As one gets older, the likelihood of this happening increases. Minor cognitive impairment may serve as an early warning sign of dementia, according to popular belief. Some of the claims stated here are not supported by sources. Alzheimer’s disease and other kinds of neurodegeneration frequently manifest their first signs as dementia. People with poor intellect may struggle to discern between a sick and a healthy reference group. Our system can efficiently extract as much data from the scan as was feasible by using the entire three-dimensional magnetic resonance imaging images as input. The multichannel meta-discourse learning approach improves the system’s and network’s categorization abilities as well as their ability to make large generalizations. One option for achieving this goal is to broaden the number of available educational routes. The binarization loss and the unchaperoned contrastive loss are combined into a single loss to achieve this. Combining the binarization loss and the unchaperoned contrastive loss results is a realistic method that may help you achieve your aim. We ran many experiments using the acquired data to put our system through its paces and verify its value. These findings show that our method might be used to diagnose Alzheimer's disease, dementia, and mild cognitive impairment (MCI). Individual adaptation to their preferred mode of learning is one method that, if implemented, has the potential to significantly boost the value of educational experiences. By creating a fresh perspective on education, the network may be able to assist us in classifying data in a more accurate and appropriate manner in a wider range of scenarios.KeywordsAlzheimer’s diseaseMild cognitive impairmentMagnetic resonance imagingRegions of interestDeep learning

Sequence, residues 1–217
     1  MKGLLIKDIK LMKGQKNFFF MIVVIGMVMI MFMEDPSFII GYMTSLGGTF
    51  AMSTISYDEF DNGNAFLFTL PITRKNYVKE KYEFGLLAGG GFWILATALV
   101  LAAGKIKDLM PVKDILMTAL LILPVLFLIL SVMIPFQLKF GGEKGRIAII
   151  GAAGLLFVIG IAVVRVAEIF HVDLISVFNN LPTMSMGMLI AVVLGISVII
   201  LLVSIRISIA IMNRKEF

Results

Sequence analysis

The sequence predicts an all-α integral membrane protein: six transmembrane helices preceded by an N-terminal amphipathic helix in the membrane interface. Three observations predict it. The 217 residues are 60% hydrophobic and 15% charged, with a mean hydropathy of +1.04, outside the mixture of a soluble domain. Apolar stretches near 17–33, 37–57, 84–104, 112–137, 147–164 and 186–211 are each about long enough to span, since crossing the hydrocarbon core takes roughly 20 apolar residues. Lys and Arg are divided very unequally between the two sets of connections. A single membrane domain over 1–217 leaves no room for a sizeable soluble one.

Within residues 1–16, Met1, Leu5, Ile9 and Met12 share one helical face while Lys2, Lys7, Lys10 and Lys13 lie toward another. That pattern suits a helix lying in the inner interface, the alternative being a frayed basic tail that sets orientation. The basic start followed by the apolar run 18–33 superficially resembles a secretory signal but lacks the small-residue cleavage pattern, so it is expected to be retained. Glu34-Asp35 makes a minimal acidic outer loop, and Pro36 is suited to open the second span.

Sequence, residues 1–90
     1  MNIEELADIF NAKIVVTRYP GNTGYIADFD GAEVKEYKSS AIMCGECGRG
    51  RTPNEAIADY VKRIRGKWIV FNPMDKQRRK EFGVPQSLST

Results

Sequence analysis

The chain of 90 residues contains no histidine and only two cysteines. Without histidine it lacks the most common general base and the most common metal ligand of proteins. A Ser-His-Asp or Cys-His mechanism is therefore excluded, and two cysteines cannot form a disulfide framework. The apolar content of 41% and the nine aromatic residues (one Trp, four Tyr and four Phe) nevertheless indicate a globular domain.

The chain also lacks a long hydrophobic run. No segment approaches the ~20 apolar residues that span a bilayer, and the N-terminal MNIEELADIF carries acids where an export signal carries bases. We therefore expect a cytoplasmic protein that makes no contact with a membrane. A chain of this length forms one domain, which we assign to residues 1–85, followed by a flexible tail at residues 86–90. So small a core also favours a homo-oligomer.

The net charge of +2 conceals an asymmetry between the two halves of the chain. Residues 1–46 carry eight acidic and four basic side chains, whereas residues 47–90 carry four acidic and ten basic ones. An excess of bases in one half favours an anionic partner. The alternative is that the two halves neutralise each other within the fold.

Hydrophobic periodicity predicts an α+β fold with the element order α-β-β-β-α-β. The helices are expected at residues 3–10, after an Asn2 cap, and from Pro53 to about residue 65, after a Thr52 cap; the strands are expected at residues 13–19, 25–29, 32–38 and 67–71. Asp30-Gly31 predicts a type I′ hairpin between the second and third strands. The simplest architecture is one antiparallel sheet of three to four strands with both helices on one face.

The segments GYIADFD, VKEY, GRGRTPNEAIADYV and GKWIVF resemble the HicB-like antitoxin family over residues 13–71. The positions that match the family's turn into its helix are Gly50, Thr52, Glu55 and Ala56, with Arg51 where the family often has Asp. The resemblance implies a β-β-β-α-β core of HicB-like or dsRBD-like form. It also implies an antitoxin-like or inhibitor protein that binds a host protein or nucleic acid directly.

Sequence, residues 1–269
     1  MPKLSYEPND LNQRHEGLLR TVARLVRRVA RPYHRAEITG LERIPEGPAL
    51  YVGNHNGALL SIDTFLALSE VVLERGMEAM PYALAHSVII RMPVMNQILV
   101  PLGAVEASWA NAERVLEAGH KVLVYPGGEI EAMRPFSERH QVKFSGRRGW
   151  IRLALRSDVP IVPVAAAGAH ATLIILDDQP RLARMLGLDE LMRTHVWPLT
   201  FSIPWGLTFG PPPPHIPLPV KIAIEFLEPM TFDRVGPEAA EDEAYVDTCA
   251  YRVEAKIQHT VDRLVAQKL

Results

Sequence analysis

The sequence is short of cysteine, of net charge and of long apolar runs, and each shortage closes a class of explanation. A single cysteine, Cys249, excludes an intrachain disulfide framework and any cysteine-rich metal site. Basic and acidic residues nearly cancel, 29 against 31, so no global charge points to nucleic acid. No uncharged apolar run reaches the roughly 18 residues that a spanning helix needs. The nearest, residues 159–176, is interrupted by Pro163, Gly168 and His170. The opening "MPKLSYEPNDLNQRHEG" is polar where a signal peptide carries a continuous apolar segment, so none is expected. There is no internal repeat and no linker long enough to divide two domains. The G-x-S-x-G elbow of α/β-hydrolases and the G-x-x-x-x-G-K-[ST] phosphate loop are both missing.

Convolutional neural networks (CNN) can no longer make a significant contribution to Alzheimer’s disease diagnosis because there is insufficient data to work with. We have built a cutting-edge deep learning system and are currently putting it to use to increase the effectiveness of the work we are doing to achieve this goal. To achieve the highest level of performance, we combine the advantages of fully stacked bidirectional long short-term memory (FSBi-LSTM) with those of three-dimensional convolutional neural networks. These two methods of data storage are stacked one on top of the other. Before interpreting the MRI and PET images, it is critical to train a three-dimensional convolutional neural network. This must be completed to proceed to the next stage. The essential qualities of the deep features can be agreed upon. Before any further inquiry into the matter can proceed, this must be done. Here is only one example of how this method may be applied. Even if only one individual is made aware of this, the ramifications might be terrible. Lastly, we compared our findings to those of an Alzheimer’s disease neuroimaging research study to show definitively that our technique is beneficial in Alzheimer’s disease management. According to our observations, our approach surpasses other theoretically comparable algorithms published in academic literature. These algorithms were evaluated based on their ability to tackle the same issue. This is true regardless of whether our technique is technically equivalent to other published methods: cases of pMCI can be distinguished from NC with a success rate of 94.82%; cases of sMCI can be distinguished from NC with an 86.30% success rate; and cases of Alzheimer’s Disease (AD) can be distinguished from NC with an 86.30% success rate. This result was obtained despite the fact that there was inadequate imaging evidence to back it up.KeywordsConvolution neural networkFully stacked bidirectionalLong short-term memoryDeep learningRecurrent neural networks